Meanwhile, MCDMCH Permanent Secretary Elwyn Chomba reiterated her ministry’s commitment to ensure that the newly launched communication strategy is implemented.

She called for the need for continued education for government officials on the importance of prioritising the implementation of this strategy.

The strategy will accord the general public an opportunity to be heard and get engaged as they provide feed-back on how the programme is being implemented.

The transfer amount entitled to each beneficiary per household is K60 which is paid to them on a bi-monthly basis at a sum of K120.

On the other hand, households with members living with disabilities receive K240, and these funds are paid through established pay-points such as the nearest health center or school.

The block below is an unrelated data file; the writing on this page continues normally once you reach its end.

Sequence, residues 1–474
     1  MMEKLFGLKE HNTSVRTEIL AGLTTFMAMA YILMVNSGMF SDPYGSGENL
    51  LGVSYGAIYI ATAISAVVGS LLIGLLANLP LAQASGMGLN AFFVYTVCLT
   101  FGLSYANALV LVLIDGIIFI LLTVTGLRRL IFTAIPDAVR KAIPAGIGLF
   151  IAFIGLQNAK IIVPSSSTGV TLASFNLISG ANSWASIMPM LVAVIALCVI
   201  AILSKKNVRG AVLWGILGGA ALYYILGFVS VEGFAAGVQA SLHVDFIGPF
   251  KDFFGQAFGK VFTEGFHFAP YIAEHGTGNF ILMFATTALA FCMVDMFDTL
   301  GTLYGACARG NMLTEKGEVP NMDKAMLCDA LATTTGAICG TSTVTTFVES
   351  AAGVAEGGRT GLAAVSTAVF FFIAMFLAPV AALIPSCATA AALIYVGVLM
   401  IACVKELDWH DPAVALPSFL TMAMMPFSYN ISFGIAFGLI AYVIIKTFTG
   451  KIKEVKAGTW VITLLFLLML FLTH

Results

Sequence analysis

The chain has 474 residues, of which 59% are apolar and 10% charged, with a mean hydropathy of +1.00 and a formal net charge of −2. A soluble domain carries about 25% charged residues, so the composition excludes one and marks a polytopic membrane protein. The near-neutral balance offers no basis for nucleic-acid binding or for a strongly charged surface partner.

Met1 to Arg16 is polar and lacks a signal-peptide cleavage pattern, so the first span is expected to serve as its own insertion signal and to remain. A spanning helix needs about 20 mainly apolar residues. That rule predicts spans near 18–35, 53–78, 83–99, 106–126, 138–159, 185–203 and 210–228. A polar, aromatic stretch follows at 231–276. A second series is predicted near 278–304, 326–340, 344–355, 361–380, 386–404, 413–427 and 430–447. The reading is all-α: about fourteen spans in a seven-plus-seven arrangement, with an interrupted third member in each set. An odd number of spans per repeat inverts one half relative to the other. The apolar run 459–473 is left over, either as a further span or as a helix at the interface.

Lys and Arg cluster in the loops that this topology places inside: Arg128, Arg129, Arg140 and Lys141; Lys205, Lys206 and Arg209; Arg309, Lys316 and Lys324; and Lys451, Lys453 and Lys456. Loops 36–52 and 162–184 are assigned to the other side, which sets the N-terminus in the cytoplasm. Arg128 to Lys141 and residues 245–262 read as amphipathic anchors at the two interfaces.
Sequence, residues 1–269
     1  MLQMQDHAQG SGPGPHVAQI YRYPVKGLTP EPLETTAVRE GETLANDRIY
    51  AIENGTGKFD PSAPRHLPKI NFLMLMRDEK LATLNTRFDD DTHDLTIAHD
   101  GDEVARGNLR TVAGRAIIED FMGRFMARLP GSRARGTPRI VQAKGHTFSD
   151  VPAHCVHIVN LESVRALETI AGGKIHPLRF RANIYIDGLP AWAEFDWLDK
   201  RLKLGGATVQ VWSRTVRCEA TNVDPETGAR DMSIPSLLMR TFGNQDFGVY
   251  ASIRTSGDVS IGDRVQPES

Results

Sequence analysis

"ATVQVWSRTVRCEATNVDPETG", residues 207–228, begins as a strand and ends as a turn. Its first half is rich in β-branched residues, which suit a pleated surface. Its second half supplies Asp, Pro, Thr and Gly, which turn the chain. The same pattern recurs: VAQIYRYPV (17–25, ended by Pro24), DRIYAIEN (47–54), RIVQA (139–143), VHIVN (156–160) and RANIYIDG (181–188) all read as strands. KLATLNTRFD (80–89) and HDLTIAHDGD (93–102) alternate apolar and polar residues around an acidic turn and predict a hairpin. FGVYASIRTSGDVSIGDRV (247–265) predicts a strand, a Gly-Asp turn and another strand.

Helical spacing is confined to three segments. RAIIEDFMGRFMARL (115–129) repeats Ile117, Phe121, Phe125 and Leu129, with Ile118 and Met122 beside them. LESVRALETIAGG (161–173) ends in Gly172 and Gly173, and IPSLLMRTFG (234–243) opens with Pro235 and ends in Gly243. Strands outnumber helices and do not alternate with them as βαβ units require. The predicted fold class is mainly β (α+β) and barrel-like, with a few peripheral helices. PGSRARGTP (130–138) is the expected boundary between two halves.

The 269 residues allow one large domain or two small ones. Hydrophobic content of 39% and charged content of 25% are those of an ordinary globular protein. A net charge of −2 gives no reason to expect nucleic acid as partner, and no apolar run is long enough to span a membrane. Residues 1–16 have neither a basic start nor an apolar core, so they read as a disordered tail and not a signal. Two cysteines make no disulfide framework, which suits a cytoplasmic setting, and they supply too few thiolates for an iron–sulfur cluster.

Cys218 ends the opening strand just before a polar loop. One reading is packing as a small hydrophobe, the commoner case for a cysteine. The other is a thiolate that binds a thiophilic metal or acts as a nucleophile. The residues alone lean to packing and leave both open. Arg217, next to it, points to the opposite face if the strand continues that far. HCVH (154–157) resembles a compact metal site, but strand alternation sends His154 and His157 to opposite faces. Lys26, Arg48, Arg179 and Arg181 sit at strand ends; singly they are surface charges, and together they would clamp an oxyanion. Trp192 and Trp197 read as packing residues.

The scheme is cost efficient with its administrative costs remaining below 20 per cent of the total costs.

A national scale-up based on the Kalomo model would cost roughly 134 million for 200,000 households with average administrative costs of about 20 per cent.

The implementing structures involve all levels of the Department of Social Welfare all the way to community levels.

In 2010, 95 per cent of CGP recipients fell below the extreme poverty line, as defined by the Central Statistical Office, compared with 96 per cent of rural households across the country.

It is hoped that the implementation of the communications strategy will enhance the design and implementation of the social cash transfer scheme to address the overall objective of reducing extreme poverty

and ultimately contributing towards the attainment of the Millennium Development Goals (MDG’s).